Health and Medicine

MGN

The Council of Community Services will open a drop-in center at 2328 Williamson Road on January 13. In addition to the services now available at its Campbell Avenue location the new location will also launch the Council’s “syringe exchange” program, with testing and intake done on Williamson Road – but the actual syringe or needle exchange taking place at a mobile health unit at predetermined times and locations. Its an effort to reduce diseases like hepatitis and HIV from those sharing needles.

Anne Marie Green is the Council’s president:

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(from Council news release) On August 5, 2019, the Council of Community Services was approved to perform Comprehensive Harm Reduction Services in the City of Roanoke. Employing a hybrid model, the Drop In Center North will provide intakes, testing and service navigation onsite, while the actual “syringe exchange” will be conducted off site, on predetermined days/times and locations utilizing a mobile health unit. The Drop -In Center has successfully provided HIV and Hepatitis prevention, testing and coordination of care since 2004.  Under Virginia Department of Health funding, the Drop-In Center launched a Comprehensive Harm Reduction Pilot program in 2014 focusing on harm reduction skills building, HIV/HCV testing, linkage to care/support services, and supply harm reduction supplies (i.e. wound care/safer injection kits, overdose prevention education, condoms, field guides) to those at highest risk for contracting or transmitting HIV and/or Hepatitis C.  This is another component of a multi-disciplinary, best practices model grounded in expertise and collaborative efforts.

Governor Northam is proposing about $22 million in new state spending for efforts to improve health outcomes for mothers and babies — and reduce the racial disparity in the state’s maternal mortality rate. He unveiled his proposal yesterday, one that includes funding to expand Medicaid coverage for new moms and increase home visits from care providers. More from WFIR’s Evan Jones:

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RICHMOND, Va. (AP) — Virginia Gov. Ralph Northam is proposing about $22 million for efforts to improve health outcomes for mothers and babies and reduce the racial disparity in the state’s maternal mortality rate.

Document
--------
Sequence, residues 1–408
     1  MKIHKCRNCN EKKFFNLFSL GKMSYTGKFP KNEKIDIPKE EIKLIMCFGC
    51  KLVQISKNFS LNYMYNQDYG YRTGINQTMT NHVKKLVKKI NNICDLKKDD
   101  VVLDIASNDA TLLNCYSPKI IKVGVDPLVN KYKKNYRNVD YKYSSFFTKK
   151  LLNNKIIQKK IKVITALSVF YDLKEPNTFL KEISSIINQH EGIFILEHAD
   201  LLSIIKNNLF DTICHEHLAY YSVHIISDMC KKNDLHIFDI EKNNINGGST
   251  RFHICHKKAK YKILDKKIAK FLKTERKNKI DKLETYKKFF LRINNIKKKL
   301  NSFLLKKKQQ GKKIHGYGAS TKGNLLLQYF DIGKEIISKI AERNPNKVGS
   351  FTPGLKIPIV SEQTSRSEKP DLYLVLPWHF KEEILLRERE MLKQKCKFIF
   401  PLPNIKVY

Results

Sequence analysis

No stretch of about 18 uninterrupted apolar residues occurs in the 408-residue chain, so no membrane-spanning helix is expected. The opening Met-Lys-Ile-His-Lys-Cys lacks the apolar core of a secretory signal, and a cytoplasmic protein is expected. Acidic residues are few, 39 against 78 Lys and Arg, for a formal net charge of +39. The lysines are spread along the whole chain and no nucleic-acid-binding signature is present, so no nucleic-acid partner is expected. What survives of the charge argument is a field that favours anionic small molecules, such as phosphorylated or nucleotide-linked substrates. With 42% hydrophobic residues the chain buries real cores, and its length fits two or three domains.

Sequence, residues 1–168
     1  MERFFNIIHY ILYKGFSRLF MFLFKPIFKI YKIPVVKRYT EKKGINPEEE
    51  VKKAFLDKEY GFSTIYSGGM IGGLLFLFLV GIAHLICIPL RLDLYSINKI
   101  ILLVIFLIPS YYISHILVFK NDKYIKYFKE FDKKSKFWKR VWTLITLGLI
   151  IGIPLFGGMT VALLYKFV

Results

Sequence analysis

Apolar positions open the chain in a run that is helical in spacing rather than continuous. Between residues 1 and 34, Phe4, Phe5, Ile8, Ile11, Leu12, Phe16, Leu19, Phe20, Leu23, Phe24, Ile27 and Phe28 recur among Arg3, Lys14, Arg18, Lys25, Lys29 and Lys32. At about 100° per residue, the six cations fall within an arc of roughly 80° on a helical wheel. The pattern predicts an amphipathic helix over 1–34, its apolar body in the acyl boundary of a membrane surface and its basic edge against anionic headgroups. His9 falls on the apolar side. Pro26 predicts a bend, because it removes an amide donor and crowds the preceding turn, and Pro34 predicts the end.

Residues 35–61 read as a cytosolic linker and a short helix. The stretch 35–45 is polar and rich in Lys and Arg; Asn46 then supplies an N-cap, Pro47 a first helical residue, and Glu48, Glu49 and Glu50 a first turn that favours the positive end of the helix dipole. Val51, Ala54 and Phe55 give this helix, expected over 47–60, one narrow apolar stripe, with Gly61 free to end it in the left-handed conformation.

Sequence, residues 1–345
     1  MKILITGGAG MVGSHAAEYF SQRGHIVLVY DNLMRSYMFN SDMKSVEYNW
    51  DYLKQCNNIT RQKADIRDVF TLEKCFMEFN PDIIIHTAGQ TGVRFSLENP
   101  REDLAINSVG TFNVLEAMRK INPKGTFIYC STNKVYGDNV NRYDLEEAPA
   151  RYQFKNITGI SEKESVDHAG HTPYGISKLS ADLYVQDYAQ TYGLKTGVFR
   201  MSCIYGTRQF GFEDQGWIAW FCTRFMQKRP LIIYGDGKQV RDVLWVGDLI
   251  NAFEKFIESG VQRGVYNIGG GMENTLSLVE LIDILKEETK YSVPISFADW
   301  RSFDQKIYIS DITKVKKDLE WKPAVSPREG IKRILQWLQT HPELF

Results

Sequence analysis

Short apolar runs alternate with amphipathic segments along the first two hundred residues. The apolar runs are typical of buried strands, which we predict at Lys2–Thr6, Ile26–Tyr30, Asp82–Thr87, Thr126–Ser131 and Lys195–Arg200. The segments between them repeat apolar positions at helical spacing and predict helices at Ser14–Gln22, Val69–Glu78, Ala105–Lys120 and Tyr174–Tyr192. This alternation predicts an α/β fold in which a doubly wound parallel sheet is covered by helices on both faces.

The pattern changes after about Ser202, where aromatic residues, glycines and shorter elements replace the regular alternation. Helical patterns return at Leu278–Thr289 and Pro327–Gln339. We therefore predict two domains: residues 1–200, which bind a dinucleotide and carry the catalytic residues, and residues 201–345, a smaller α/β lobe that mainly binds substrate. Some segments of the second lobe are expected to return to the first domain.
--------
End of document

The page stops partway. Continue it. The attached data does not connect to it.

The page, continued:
Northam announced Monday that his budget proposal for the upcoming legislative session includes funding to expand Medicaid coverage for new moms and increase home visits from care providers. Funding is also included to study the possibility of Medicaid reimbursement for doula services and to increase access to long-acting contraception.

Northam, a Democrat, established a new initiative in June intended to reduce the maternal mortality rate for black women, which his administration says is more than twice as high as it is for black women.

Passing a two-year state spending plan will be a top priority for the General Assembly during the 2020 session. During last month’s legislative elections, voters gave Democrats full control of the General Assembly for the first time in a generation.

The governor is expected to share full details of his budget plan next week.

MGN

RICHMOND, Va. (AP) — Virginia Gov. Ralph Northam is proposing about $22 million for efforts to improve health outcomes for mothers and babies and reduce the racial disparity in the state’s maternal mortality rate.

Northam announced Monday that his budget proposal for the upcoming legislative session includes funding to expand Medicaid coverage for new moms and increase home visits from care providers. Funding is also included to study the possibility of Medicaid reimbursement for doula services and to increase access to long-acting contraception.

Northam, a Democrat, established a new initiative in June intended to reduce the maternal mortality rate for black women, which his administration says is more than twice as high as it is for black women.

Passing a two-year state spending plan will be a top priority for the General Assembly during the 2020 session. During last month’s legislative elections, voters gave Democrats full control of the General Assembly for the first time in a generation.

The governor is expected to share full details of his budget plan next week.

Nancy and Steve Agee/G Marrano photo

Carilion Clinic plans to build what it calls a “world class” center for patients dealing with cancer. It will be built on an empty lot at Franklin Road and Reserve Avenue, across from the corner of the Virginia Tech Carilion campus. Carilion President and CEO Nancy Agee and her husband Steve Agee, a local judge, will donate $1 million towards the Carilion Clinic Cancer Center, which has a price tag of $100 million for construction and outfitting it with equipment. It may take about 4 years to complete the project. Nancy Agee lost her father to cancer; Steven Agee is a cancer survivor.

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Dr Michael Friedlander – FBRI/G Marrano photo

There might be more going on at the Virginia Tech-Carilion campus on South Jefferson – specifically at the Fralin Biomedical Research Institute – than you know. It was all unpacked this morning at a first-ever “State of the Corridor” address. WFIR’s Gene Marrano has the story:

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